Business method innovation
How can we conceptualize the notion of “business methods” (which is a patentable category of innovation)? How does that relate to the idea of “business models”? Does engaging in business method innovation create value for firms, particularly those in the manufacturing and trade sectors that make and move physical products?
Difficult but fascinating problems. Here’s the abstract of a working project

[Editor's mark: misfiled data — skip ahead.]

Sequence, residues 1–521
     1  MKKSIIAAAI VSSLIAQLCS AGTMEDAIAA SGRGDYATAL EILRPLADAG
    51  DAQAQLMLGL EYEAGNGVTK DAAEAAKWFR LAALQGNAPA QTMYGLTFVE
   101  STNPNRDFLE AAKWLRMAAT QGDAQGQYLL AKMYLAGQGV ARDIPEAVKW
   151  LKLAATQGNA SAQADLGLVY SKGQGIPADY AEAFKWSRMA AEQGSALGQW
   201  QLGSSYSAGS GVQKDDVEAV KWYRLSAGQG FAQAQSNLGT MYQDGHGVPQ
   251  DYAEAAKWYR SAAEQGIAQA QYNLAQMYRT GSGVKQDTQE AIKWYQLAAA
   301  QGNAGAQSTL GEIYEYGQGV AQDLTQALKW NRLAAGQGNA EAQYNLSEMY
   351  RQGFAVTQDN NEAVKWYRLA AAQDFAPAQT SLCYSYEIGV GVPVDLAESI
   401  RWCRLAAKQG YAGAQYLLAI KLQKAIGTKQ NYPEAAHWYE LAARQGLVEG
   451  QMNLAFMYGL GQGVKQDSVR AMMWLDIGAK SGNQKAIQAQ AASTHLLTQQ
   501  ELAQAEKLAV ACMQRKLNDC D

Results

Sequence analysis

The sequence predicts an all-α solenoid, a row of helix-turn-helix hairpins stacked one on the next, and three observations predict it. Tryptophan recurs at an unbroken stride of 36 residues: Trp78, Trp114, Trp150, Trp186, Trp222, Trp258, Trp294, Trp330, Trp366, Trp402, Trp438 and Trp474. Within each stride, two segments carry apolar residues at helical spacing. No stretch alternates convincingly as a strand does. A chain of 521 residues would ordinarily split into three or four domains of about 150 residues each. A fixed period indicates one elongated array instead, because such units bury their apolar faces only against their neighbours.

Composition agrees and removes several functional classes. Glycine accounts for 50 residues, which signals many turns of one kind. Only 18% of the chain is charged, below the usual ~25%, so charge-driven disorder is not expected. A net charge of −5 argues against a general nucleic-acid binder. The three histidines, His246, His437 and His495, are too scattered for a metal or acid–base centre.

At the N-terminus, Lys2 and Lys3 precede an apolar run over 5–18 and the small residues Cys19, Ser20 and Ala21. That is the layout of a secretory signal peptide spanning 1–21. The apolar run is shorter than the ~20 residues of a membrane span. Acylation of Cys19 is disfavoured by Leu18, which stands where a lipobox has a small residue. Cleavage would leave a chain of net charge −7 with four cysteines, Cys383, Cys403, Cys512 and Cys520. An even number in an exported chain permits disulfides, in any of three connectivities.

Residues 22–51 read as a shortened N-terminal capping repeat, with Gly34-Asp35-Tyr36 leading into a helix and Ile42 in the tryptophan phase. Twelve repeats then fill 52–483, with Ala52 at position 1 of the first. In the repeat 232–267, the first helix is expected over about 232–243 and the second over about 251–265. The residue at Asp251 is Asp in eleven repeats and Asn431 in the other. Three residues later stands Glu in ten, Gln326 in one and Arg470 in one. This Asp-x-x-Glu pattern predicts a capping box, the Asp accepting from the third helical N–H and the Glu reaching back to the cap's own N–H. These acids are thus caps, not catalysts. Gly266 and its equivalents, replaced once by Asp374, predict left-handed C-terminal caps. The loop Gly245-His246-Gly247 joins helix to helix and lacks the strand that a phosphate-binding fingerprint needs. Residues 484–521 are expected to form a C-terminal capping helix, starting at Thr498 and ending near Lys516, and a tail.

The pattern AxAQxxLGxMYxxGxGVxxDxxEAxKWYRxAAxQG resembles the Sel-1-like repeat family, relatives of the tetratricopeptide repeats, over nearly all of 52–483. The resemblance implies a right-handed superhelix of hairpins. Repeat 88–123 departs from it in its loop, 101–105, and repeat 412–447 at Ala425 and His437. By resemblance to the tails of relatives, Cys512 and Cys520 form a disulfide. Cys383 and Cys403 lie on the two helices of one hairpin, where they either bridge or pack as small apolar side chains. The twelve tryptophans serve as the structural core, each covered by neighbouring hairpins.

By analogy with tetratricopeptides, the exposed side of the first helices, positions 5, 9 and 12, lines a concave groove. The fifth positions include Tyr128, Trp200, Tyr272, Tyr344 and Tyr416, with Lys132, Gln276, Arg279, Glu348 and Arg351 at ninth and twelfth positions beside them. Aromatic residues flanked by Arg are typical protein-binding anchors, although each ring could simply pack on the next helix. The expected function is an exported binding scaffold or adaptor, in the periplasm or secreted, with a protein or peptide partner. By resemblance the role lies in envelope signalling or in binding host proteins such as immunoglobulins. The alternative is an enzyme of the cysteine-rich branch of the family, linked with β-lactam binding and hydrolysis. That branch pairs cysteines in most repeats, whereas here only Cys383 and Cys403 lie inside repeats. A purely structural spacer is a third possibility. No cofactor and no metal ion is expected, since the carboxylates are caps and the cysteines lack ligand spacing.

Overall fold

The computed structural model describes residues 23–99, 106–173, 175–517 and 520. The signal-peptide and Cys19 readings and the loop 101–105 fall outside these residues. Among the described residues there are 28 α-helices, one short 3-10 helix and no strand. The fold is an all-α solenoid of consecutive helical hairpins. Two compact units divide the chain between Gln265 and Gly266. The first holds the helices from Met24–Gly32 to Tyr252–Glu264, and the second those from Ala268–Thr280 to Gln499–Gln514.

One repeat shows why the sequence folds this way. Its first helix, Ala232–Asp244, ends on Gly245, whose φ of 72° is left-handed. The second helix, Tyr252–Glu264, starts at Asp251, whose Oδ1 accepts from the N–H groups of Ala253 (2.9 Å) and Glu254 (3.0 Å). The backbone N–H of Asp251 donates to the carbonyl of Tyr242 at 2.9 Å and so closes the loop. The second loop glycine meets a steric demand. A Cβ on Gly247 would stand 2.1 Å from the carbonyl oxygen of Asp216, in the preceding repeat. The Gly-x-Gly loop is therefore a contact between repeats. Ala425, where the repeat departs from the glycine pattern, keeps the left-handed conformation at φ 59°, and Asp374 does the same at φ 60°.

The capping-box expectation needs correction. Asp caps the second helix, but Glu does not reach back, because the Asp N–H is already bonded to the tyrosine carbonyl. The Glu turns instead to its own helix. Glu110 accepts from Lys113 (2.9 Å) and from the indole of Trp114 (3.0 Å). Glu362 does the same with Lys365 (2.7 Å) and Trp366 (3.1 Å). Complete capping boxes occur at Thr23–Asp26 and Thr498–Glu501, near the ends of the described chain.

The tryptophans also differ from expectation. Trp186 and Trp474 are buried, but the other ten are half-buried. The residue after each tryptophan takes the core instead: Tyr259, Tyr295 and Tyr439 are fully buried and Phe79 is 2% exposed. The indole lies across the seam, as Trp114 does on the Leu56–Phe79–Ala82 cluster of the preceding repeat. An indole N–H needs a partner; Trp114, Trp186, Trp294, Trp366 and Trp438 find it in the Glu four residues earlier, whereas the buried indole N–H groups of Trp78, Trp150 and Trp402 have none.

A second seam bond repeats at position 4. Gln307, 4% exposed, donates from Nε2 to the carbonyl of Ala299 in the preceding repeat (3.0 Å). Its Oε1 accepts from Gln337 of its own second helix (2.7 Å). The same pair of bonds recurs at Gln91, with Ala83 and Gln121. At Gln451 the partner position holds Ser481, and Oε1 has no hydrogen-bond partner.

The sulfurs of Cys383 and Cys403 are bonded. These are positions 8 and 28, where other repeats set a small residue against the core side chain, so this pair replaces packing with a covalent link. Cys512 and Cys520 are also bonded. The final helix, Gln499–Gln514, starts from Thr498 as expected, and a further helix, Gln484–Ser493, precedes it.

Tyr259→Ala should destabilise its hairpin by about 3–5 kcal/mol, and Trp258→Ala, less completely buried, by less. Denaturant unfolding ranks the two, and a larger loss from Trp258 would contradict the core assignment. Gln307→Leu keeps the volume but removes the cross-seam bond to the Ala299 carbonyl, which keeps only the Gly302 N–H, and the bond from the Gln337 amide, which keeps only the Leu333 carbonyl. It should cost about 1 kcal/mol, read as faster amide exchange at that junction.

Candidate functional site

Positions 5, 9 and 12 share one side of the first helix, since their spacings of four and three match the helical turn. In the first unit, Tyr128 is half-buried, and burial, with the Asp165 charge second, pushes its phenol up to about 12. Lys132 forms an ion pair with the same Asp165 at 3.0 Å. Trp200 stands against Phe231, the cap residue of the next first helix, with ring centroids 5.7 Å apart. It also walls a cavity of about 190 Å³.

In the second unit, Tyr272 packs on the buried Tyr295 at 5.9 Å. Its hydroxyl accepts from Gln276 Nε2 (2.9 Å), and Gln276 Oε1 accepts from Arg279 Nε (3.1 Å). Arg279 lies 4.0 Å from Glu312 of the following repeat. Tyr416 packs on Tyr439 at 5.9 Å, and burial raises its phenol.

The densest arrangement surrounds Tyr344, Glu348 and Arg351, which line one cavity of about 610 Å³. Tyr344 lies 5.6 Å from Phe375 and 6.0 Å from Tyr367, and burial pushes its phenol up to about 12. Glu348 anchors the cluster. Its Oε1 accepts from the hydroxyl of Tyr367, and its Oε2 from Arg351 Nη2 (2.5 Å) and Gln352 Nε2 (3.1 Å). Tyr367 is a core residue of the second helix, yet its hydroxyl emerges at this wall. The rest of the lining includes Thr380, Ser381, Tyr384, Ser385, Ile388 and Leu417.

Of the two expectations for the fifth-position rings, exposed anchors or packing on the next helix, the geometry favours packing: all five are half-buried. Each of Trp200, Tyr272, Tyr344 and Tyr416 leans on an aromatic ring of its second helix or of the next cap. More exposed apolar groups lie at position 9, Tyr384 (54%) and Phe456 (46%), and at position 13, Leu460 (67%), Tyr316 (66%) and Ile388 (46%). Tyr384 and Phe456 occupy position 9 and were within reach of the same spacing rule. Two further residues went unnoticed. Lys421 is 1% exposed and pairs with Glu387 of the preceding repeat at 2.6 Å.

What kinds of business method innovation do firms in the manufacturing and trade sectors engage in? Does engagement in business method innovation create value for these firms? Our paper provides answers to these questions with empirical evidence. Drawing on classification and text analysis of the business method patents of firms in the manufacturing and trade sectors, we first sought to understand their content and scope. We show that business method innovation in these sectors is primarily aimed at improving the business operations supporting product sales—that is, the ways in which tangible products are marketed, delivered, or enhanced through service offerings. We then evaluate the effect of having business method innovation, as evidenced by patents, on a firm’s value. Leveraging the exogenous shock of the State Street ruling, which first recognized business methods as a patentable category of innovation, we identify a set of firms that possess business method patents and a matched comparable set of firms without such patents. Then, using a difference-in-differences with firm fixed effects model on the matched sample, we show that the valuation of the former set of firms increased by 9% after State Street, as measured by Tobin’s q. We further show that (1) business method innovators in the manufacturing sector gained a 7% increase; while business method innovators in the trade sectors gained a 25% increase; and (2) only firms with broader innovation scope—i.e., business method innovations covering the range of marketing, delivery, and service support of products—see a significant value bump. This research provides evidence that business method innovation in the manufacturing and trade sectors primarily involves innovating on the business operations supporting product sales. Our work also provides empirical support that engaging in business method innovation drives manufacturing and trade firms’ market performance.